On the 16th of November 2014 an armoured jeep of the PSNI, the paramilitary police force in the British-administrated north-east of Ireland, was parked on a street in the Ardoyne district of north Belfast when it was hit by an explosive projectile that penetrated the vehicle’s exterior “skin” before being deflected by the thicker plating underneath (we do not know if the vehicle was a Land Rover Tangi, an older jeep-style model partly designed and built by RUC/PSNI engineers throughout the 1980s and ’90s, or one of the newer Pangolin Armoured Public Order Vehicles created in conjunction with a manufacturer in Britain). Within hours the New Irish Republican Army or (N)IRA, a 2012 amalgamation of several previous insurgent groupings, issued a rather poorly-worded communique confirming responsibility for the operation. The statement to the news media was accompanied by several photographs claiming to show the device used in the attack just minutes before it was deployed. According to the (N)IRA one of their Active Service Units had used a shoulder-held improvised grenade-launcher, fired at the PSNI jeep from a distance of eighteen metres. This was stated to be one of a series of new armaments the guerilla movement were developing through their supposed Engineering Department.
Improvised weapons and explosives have of course been central to the “Irish-British arms race” since the latter half of the 19th century, beginning with the “scientific warfare” of the US-based Fenian Brotherhood and its offshoots in the 1880s. However it was undoubtedly during the “armed struggle” of the (Provisional) Irish Republican Army from 1969-2005 that the development of “home-made” munitions reached its zenith on the island nation of Ireland. From mortars to culvert-mines, drogue-grenades to truck-bombs, for over twenty years dozens of engineers and technicians worked in a light industry devoted to the production of equipment for an underground army. In the case of man-portable devices, which is relevant to the news report above, the two most important weapons were those the British Forces classed as the Mark 15 grenade-launcher or Improvised Projected Grenade (IPG) which dated from the mid-1980s, and the Mark 16 launcher or Projected Recoilless Improvised Grenade (PRIG) which dated from the early 1990s. In both cases (P)IRA’s own classifications for the devices are unknown.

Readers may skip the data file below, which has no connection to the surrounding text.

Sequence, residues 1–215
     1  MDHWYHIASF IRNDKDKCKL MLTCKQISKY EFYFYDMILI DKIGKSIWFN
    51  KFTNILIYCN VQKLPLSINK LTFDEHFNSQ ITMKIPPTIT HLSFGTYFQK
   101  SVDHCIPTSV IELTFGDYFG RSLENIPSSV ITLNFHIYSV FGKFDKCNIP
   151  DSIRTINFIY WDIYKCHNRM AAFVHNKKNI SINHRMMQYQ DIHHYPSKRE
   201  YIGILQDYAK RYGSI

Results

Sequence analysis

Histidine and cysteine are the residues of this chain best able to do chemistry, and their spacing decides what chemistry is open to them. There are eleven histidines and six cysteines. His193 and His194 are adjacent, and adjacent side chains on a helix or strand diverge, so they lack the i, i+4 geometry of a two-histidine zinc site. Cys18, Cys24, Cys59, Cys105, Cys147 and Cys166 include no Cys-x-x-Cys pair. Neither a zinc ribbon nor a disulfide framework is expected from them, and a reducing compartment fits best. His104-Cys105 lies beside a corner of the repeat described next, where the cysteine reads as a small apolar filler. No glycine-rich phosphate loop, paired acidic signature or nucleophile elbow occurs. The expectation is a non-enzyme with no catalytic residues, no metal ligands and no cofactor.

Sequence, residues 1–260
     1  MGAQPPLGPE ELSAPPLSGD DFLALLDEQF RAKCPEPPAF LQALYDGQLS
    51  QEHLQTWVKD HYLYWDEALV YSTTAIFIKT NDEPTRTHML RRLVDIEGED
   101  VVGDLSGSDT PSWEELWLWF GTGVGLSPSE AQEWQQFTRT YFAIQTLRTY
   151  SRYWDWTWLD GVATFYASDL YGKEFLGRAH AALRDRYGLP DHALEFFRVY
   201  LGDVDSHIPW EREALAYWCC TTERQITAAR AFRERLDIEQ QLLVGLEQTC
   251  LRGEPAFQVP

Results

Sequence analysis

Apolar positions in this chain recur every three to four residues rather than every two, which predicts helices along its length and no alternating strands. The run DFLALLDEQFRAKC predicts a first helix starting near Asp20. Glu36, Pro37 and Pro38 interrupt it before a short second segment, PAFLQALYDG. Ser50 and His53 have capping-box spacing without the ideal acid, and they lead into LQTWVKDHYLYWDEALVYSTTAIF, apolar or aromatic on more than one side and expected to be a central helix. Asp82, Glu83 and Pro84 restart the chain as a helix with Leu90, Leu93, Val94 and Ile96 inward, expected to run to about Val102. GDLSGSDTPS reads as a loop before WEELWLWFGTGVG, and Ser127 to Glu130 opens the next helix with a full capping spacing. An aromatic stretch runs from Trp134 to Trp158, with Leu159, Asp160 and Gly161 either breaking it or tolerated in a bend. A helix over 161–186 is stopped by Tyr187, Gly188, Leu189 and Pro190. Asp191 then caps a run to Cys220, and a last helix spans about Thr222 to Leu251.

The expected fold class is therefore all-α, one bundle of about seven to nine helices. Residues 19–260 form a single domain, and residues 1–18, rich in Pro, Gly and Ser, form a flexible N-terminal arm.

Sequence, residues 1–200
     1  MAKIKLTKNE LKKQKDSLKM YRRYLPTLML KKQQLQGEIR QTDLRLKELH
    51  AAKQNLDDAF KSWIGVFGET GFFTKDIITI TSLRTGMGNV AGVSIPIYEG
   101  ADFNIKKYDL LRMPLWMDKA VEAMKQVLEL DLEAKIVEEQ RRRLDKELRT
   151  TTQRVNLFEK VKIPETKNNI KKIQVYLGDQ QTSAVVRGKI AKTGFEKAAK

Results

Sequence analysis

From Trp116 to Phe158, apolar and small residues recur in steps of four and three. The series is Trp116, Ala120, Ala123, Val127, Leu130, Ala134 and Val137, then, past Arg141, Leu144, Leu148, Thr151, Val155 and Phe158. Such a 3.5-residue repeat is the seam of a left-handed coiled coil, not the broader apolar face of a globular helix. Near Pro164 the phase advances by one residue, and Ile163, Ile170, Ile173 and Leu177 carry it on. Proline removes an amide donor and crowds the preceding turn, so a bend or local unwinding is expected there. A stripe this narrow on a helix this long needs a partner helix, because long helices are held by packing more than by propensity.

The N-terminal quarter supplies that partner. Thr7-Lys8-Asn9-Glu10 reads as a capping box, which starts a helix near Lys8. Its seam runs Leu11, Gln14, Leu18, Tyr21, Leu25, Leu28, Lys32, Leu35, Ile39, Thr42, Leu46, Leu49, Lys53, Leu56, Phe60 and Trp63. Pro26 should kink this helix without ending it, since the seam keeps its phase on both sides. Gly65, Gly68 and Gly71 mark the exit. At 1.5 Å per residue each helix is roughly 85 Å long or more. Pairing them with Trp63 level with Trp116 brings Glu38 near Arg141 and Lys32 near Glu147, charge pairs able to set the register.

The Mark 15 IPG was a deceptively simple creation resembling a conventional shoulder-held grenade-launcher that fired a warhead – the “grenade” – containing 1kg or more of explosives against fixed or moving targets. However in practice the device had many short-comings including limited range and accuracy, as well as mediocre effectiveness against “hardened” targets (in the hands of a trained operator it was more useful for “lobbying” the explosive projectile over fortified walls or onto enemy foot-patrols). It was also noted for leaving tell-tale bruising on the shoulders of unwary users due to the weapon’s considerable recoil.
In the early 1990s (P)IRA supplemented the Mark 15 with a heavier addition, the innovative Mark 16 PRIG. This seems to have been based on the Armbrust shoulder-launched anti-tank grenade-launcher produced by Messerschmitt-Bölkow-Blohm of Germany from the 1980s to mid-2000s. The Armbrust consisted of a propellant charge placed between two pistons with the projectile (“grenade”) in front of one and some five thousand shredded plastic flakes behind the other. These flakes provided counterbalance to the warhead and were ejected from the rear of the barrel at the same initial velocity as the projectile left the front, rapidly dispersing behind the firer (this and the device’s minimal flash, smoke and noise made it ideal for use in urban combat).